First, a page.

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For centuries, artists, philosophers and mathematicians have noted the special properties of the so-called "golden rectangle," where if you take away a square, another golden rectangle remains, on and on infinitely. The human eye is drawn to those proportions, and they are evident everywhere from the facade of the Parthenon to a modern credit card. Yet an explanation of exactly why this pattern is so pleasing to us has been elusive. We talk with one professor who explains it with physics and explore the science of good design.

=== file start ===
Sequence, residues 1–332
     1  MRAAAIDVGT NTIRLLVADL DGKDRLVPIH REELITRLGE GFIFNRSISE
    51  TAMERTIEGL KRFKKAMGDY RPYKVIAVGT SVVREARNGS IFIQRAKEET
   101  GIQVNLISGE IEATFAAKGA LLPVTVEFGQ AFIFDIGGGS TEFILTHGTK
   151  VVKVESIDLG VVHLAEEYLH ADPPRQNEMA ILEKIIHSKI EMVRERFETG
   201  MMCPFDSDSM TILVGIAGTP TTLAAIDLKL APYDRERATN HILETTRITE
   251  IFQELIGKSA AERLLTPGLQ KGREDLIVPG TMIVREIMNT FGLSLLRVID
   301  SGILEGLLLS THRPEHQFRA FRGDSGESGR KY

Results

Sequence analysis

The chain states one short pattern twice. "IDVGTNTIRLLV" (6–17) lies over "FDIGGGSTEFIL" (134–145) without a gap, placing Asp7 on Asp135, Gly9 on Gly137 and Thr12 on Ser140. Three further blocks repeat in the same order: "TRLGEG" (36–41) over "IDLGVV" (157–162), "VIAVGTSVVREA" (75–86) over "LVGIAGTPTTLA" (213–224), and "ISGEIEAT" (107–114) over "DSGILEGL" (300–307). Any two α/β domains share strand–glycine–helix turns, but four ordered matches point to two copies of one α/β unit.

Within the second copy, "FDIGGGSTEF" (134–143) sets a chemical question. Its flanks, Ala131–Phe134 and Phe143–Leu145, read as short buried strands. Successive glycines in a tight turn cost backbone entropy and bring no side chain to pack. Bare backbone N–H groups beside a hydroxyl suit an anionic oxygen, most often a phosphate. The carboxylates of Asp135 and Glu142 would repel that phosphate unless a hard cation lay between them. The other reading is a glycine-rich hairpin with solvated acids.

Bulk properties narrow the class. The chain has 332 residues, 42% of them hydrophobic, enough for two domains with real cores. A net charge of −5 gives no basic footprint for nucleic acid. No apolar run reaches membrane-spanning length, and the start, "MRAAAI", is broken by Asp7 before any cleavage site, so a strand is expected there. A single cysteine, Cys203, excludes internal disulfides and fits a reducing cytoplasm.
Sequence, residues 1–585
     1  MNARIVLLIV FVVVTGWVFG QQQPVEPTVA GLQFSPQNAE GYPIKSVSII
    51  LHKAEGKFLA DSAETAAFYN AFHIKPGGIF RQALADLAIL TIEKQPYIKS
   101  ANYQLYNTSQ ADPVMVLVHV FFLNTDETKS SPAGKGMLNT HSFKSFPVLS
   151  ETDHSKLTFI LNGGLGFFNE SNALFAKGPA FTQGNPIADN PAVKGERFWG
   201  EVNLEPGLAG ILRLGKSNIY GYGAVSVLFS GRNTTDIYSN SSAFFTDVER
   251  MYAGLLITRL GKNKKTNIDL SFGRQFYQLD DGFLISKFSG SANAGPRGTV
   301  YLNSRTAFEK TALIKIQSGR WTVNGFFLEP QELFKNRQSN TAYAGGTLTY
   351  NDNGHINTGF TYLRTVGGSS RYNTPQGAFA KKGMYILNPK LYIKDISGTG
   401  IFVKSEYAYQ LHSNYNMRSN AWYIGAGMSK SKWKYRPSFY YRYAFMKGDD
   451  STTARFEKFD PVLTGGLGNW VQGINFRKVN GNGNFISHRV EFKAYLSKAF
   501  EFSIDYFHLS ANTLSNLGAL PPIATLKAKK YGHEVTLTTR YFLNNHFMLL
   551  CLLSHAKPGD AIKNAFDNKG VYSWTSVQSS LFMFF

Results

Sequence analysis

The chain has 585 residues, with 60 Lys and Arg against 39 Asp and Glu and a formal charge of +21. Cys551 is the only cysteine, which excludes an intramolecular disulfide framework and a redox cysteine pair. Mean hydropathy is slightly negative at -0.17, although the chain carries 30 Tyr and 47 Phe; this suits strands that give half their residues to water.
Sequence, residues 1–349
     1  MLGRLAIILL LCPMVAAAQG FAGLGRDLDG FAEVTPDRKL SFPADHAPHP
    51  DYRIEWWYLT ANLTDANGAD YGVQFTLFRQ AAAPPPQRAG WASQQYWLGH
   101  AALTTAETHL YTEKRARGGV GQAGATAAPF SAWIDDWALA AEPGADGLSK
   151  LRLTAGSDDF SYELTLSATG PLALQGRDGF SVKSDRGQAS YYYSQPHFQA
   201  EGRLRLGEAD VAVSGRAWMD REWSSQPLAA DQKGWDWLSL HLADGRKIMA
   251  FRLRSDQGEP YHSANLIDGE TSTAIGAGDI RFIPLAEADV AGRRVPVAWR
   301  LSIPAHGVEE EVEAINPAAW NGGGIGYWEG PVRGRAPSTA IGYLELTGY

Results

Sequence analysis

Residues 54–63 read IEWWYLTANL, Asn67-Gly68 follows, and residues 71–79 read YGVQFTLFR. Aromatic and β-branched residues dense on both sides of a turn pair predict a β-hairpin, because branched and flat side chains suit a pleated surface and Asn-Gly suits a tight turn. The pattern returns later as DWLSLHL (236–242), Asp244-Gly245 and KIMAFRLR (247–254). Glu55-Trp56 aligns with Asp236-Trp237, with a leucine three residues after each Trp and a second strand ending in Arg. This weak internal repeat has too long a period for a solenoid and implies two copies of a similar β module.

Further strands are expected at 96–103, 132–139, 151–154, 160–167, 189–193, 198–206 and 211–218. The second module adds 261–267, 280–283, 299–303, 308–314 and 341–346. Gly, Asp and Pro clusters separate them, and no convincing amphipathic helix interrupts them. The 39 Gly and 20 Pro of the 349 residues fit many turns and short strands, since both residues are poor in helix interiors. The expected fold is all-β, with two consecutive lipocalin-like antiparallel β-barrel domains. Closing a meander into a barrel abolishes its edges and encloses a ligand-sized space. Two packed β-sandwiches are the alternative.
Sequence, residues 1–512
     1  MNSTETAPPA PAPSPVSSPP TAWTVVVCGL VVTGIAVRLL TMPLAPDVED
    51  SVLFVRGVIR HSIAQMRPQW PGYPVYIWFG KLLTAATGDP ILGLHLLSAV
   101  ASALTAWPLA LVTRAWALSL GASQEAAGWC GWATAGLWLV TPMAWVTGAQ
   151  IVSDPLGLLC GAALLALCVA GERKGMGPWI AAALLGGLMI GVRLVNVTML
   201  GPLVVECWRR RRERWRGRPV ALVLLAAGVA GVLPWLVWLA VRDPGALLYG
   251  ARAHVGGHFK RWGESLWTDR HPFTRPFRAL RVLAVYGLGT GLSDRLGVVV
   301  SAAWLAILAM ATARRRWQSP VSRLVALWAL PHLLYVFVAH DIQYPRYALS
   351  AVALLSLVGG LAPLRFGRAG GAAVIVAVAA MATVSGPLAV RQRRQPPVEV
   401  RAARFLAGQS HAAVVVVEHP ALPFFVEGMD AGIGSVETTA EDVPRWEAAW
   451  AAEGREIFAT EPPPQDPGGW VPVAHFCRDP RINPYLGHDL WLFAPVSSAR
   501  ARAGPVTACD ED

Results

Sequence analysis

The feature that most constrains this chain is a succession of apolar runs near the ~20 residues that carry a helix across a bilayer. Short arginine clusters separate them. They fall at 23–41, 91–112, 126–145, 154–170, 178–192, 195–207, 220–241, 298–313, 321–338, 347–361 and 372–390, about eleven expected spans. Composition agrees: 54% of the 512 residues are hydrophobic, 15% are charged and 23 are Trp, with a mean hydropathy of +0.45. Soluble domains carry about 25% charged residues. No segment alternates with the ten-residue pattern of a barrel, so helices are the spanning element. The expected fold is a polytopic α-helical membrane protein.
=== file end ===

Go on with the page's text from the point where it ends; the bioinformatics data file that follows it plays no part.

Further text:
The golden ratio appears again and again in art, architecture, nature and everyday objects. Modern television sets, index cards, Notre Dame Cathedral, the Taj Mahal and Salvador Dali's "The Sacrament of the Last Supper" are all examples. See some of the most common -- and most beloved -- forms of the so-called "magic proportion."